As a drowsy but delirious Rory McIlroy touched down in the torrential rain of Belfast, his father Gerry was already quietly plotting the next phase of his son's path to global golfing domination.
At every stage of a tumultuous US Open week, McIlroy Snr has been ever-present in the champion's entourage: eating with him at the Bethesda Marriott, scrutinising each one of his shots on the Congressional fairways, and finally sharing a touching Father's Day embrace by the 18th green.
“I'm ready to go home,” he said on his final return flight from Heathrow to George Best Belfast City Airport. The 51-year-old — sitting in seat 1A, as befitting a parent to Northern Ireland's finest sporting property since Best himself — says he expects ‘Rors' not only to improve, but to win another Major championship by the end of the year. “Can I tell you something? I think he's going to win another one this year. It's just a feeling.”
Pressed on whether the prophecy would be realised at Royal St George's for the Open, or at Atlanta Athletic Club for the US PGA, he said: “Royal St George's, if it's not too windy.”
It is a disarmingly bold statement. The feat of two Majors in one season has not been achieved since Padraig Harrington in 2008.
But with McIlroy poised to usurp even Tiger Woods as the most powerful draw in the world game, his father perceives no limits to the heights he can attain.
Gerry, it should be noted, stands to earn £200,000 from a wager he made seven years ago that Rory would win the Open by 2014. This pales into significance against the seven-figure sponsorship deals Rory stands to acquire should he continue on his dizzyingly steep trajectory to the top. No wonder many have wondered aloud how a burgeoning bank account might affect his famed humility.
“Money does not mean anything to Rory,” Gerry said emphatically. “It has never made any difference to him whatsoever. He never has it when I ask if he has any on him. Rory's just an ordinary guy who enjoys golf and gets on with it. He loves getting home to his mates and schoolfriends whom he has known for years. He will always be grounded.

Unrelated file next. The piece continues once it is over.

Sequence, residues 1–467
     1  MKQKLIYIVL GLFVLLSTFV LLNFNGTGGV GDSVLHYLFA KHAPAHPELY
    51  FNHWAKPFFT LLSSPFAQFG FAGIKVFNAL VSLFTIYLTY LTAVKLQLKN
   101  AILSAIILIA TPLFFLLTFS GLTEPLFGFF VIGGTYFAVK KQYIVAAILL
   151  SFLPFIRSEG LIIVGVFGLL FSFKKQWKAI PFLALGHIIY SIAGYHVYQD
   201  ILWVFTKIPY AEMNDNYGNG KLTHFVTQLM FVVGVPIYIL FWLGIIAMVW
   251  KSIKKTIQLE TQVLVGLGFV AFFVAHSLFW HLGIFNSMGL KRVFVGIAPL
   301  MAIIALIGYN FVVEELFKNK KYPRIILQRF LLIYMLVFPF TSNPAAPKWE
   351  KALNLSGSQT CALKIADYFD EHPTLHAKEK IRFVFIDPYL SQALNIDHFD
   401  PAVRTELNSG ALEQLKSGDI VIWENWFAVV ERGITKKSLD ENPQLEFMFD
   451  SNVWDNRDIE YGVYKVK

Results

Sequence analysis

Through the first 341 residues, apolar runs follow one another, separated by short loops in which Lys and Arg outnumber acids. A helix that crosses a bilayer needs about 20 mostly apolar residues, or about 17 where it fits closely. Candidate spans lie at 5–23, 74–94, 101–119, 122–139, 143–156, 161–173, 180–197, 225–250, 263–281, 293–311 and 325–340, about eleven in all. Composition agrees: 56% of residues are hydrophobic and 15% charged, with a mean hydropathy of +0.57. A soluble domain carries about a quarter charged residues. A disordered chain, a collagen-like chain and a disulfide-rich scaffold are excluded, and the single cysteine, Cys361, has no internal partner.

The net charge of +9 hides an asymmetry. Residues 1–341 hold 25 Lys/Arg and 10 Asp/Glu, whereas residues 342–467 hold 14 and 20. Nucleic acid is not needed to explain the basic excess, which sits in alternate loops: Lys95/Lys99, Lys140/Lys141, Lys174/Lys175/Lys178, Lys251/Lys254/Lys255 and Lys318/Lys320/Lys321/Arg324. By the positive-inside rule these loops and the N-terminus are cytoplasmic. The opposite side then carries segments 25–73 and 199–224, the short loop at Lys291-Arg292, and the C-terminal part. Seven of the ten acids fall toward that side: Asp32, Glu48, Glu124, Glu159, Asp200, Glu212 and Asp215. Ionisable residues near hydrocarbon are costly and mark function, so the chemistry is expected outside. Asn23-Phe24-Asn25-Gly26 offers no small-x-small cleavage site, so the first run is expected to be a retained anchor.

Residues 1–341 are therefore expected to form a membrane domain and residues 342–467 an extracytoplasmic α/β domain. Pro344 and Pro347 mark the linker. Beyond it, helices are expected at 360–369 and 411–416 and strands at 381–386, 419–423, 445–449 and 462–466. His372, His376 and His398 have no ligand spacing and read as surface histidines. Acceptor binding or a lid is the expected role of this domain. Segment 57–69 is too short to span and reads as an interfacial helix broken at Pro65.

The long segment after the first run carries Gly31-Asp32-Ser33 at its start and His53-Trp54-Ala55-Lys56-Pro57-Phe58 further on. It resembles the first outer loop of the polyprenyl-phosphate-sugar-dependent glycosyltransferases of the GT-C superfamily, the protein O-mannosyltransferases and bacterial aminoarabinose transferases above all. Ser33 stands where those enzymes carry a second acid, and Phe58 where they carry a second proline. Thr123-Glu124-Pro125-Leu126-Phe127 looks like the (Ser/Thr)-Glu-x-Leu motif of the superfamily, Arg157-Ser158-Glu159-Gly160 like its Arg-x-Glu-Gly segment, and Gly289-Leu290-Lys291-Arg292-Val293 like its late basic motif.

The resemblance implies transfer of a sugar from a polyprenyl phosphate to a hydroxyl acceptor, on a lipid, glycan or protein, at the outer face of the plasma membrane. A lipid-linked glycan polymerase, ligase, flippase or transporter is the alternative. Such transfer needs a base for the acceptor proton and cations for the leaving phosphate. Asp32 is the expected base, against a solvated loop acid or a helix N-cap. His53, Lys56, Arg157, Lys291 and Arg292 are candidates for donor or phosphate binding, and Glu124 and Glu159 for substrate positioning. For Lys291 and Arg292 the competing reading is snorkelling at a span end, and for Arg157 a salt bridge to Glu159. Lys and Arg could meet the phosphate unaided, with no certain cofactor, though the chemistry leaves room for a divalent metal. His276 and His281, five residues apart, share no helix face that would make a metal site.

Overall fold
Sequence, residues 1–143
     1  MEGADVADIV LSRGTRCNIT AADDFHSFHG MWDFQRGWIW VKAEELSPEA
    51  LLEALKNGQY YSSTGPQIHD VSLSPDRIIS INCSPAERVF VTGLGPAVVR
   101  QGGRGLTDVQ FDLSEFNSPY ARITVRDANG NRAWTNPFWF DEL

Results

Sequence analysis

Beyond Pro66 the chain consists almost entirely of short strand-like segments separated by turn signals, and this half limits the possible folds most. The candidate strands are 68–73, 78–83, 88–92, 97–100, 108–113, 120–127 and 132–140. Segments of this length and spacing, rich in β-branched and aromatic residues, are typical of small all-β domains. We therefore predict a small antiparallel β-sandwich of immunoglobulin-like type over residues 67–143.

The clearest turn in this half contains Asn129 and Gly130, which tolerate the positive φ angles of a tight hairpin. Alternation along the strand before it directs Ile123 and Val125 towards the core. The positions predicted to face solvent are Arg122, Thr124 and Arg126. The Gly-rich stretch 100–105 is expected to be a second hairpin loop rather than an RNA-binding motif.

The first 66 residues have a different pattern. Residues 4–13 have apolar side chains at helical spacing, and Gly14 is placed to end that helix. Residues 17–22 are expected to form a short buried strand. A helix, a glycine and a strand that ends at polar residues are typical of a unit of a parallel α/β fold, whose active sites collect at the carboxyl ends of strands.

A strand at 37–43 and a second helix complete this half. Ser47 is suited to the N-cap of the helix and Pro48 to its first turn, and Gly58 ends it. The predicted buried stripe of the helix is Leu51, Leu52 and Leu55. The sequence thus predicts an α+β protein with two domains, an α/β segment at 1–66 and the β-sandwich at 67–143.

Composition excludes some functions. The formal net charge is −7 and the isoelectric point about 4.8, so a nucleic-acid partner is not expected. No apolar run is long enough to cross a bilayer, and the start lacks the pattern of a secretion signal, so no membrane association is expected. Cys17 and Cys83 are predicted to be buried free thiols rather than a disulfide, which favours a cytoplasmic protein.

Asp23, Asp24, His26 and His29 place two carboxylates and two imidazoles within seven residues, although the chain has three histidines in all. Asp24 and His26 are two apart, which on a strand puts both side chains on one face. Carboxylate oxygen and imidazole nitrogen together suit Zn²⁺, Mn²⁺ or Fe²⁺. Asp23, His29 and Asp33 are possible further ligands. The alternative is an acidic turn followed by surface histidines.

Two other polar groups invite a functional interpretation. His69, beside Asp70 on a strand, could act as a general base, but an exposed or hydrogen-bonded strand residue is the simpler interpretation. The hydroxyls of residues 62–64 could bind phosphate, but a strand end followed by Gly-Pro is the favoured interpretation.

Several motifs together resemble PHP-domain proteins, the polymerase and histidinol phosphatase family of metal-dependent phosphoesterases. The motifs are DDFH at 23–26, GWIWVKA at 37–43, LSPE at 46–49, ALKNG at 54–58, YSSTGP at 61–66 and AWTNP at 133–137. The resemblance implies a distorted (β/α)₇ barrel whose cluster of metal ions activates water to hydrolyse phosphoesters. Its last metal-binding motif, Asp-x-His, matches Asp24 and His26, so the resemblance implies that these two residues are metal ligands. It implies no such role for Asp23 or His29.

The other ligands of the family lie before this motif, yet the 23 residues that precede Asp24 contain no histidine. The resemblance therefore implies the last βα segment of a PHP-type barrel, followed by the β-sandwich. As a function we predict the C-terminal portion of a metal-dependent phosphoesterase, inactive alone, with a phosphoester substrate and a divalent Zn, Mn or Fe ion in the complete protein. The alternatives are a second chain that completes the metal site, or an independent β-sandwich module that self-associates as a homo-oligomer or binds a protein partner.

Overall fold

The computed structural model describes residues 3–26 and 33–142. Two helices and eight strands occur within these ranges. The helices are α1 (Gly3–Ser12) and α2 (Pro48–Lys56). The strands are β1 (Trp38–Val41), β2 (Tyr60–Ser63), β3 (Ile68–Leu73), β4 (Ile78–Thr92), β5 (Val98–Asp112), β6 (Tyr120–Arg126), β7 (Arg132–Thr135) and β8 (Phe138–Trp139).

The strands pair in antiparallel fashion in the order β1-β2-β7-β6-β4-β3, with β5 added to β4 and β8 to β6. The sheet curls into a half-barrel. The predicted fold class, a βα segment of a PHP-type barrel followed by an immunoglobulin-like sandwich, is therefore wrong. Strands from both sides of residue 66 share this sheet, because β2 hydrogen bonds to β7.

“Rory has handled everything since Sunday so well; signing autographs, being kind to people. On the night we didn't get away from the course until about 11.30pm.”
Rory's first task on the domestic front is to invite Gerry and mother Rosie over for dinner at his lovingly designed Co Down estate.
His powerful attachment to the community will be on display this afternoon when he holds a homecoming press conference at the Holywood club where, as a toddler, he would dream of holding his first major trophy.
If you have a complaint about the editorial content of the Belfast Telegraph or Sunday Life then contact the Editor here. If you are not satisfied with the response provided then you can contact the Independent Press Standards Organisation here
COMMENT RULES: Comments that are judged to be defamatory, abusive or in bad taste are not acceptable and contributors who consistently fall below certain criteria will be permanently blacklisted. The moderator will not enter into debate with individual contributors and the moderator’s decision is final. It is Belfast Telegraph policy to close comments on court cases, tribunals and active legal investigations. We may also close comments on articles which are being targeted for abuse. Problems with commenting? firstname.lastname@example.org